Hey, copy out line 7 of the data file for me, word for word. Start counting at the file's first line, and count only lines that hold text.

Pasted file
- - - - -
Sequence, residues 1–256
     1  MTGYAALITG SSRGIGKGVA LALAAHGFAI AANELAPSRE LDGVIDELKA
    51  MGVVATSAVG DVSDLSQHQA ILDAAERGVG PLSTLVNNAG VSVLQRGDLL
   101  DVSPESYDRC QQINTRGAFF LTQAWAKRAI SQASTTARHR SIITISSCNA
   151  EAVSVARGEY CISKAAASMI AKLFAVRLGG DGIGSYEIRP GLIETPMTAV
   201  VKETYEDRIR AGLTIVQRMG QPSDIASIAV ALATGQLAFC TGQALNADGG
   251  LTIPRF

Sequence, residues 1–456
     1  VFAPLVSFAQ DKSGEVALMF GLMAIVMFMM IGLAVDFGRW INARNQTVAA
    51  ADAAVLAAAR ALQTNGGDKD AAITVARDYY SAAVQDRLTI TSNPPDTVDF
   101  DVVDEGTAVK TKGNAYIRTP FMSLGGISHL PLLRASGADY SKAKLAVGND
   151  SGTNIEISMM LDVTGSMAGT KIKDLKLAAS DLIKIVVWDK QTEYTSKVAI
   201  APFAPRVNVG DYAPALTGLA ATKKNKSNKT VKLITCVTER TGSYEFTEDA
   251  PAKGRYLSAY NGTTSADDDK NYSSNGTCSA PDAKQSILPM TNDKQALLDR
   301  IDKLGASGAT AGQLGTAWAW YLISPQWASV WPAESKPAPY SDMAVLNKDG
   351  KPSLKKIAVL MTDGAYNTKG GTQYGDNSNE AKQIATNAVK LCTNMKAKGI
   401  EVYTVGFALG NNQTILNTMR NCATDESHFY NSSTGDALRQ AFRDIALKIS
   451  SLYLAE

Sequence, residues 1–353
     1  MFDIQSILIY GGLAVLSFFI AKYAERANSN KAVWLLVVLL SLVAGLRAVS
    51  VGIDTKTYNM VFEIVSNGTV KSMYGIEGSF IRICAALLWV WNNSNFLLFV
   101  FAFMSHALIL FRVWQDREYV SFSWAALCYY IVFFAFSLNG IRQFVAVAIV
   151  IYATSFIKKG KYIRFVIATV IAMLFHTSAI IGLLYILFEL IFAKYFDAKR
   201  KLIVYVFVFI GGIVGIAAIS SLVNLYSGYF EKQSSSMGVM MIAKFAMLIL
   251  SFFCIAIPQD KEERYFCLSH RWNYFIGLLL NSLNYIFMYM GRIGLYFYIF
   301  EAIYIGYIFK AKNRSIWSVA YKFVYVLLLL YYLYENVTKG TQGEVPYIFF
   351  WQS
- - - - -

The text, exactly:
   251  LTIPRF